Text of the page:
The Schlumpf Collection in Mulhouse, France, is often described as the most prestigious automobile collection in the world. One thing's for sure, no other car collection has a history more filled with intrigue.
Coming from a reasonably ordinary background, Fritz and Hans Schlumpf—a salesman and a banker respectively—earned their fortune in woolen mills in the French Alsace region.
The Schlumpfs’ relationship with their workers certainly started off on the right foot. Housing, transportation and other benefits were available to loyal employees. Over time though, the character of the relationship turned sour, especially so under control of former banker Hans Schlumpf. Plus, there was the unwelcome intrusion of trade unions following the war on top of it all. The Communist trade union, CGT, claimed to be looking out for the welfare of French workers, but at the same time, they forced the Schlumpf brothers to look out for themselves.
The public first learned of the Schlumpf brothers' collection in 1977 when striking workers broke in and seized the collection. Famous automotive journalist Denis Jenkinson—who rode with Sir Stirling Moss in his famous 1955 Mille Miglia victory for Mercedes—first documented the secret collection, writing with Peter Verstappen and assisted by noted Bugatti historian Hugh Conway who expressed his dismay at ever becoming involved with the Schlumpf brothers and their obsession with dominating the world market for Bugattis.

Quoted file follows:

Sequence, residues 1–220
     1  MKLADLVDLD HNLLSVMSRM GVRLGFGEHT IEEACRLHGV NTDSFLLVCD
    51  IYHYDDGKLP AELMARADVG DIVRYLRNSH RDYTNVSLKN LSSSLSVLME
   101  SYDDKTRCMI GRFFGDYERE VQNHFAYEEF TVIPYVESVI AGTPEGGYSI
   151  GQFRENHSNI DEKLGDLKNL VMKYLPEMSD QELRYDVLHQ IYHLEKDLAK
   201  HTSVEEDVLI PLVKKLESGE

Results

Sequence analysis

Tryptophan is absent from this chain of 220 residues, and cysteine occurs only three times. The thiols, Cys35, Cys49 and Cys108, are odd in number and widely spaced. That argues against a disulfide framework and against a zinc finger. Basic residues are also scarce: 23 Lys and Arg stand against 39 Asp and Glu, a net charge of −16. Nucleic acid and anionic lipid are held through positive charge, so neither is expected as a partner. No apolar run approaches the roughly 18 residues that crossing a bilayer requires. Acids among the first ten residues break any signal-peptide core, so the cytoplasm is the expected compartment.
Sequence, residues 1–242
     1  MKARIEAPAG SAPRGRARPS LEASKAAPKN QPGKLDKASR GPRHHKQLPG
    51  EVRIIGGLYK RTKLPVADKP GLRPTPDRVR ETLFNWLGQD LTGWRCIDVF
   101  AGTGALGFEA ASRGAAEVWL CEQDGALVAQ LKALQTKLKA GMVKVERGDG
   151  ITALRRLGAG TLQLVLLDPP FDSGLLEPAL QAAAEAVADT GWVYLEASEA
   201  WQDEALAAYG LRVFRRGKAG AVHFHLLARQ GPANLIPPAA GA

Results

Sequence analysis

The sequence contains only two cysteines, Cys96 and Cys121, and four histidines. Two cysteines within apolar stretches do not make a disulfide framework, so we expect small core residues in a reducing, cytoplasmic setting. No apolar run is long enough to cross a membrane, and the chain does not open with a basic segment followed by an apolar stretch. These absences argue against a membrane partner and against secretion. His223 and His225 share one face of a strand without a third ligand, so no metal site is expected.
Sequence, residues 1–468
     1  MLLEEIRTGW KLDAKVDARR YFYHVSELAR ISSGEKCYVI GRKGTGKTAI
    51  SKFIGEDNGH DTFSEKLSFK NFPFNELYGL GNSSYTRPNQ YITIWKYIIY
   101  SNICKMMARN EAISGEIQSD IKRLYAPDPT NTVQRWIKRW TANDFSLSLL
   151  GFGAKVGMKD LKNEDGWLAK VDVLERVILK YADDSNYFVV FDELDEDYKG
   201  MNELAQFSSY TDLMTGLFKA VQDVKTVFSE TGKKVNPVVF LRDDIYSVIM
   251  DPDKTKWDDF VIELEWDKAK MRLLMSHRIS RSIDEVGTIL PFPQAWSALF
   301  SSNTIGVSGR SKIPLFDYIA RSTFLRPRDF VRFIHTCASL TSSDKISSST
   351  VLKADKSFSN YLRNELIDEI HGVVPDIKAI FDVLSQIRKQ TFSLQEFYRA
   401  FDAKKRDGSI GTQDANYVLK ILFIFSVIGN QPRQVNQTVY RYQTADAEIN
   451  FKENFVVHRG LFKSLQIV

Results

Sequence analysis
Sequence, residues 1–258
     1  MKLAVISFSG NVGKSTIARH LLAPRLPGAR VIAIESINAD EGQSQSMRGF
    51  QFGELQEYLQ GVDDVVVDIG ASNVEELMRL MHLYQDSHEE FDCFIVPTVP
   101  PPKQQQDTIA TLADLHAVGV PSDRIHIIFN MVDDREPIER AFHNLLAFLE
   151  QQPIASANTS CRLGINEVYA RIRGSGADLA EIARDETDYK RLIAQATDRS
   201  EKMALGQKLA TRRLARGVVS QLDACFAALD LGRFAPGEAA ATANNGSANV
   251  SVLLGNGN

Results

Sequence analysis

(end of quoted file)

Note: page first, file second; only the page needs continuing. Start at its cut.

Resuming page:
By then the Schlumpfs had fled to their native Switzerland and would never again see the collection that had dominated their lives, doomed their business empire and sent them into permanent exile.
25 A Racing Career Ends And A Collection Begins
Fritz purchased a Bugatti Type 35B Grand Prix car just before the war and added a Type 57 shortly after the war. He enjoyed sports car racing until 1957 when the textile union asked his mother, who had an unusually strong influence on her sons, to see that he'd stop this dangerous activity so their jobs wouldn't go up in flames in case he had an accident.
Deprived of racing as an outlet for his automotive passion, Fritz and Hans would turn to car collecting. The summer of 1960 they went on a buying spree and purchased 40 cars by the end of summer.
24 Well-Kept Secret
Even after converting a mill into a massive showroom for their cars, few other than the brothers and workmen were allowed to view the collection. Even esteemed editor and publisher L. Scott Bailey of Automobile Quarterly was told that it wasn't possible. Surely, this must be the most secret museum in history?!
One notable exception was a private invitation in May of 1965 to a guest list that included, among others, Prince Bertil of Sweden, Prince Louis Napolean, Prince Metternich, Juan Manuel Fangio, Pininfarina and Louis Chiron.
23 Only The Best Would Do
With time, opening the museum became an obsession with the Schlumpfs. Fritz often spoke of it and announced that "The museum will be in memory of my mother."
For decades, the acquisition and restoration of automobiles and work on the museum continued. The brothers even bought the best hotel in Mulhouse, the Hotel du Parc, to host expected museum visitors, who would be served free champagne.
800 gas-style lamps modeled after the elegant lamps lining the Pont Alexandre III bridge in Paris were installed. This extravagance was a characteristic of both the best and the worst of the Schlumpfs’ obsession.
22 Workers Strike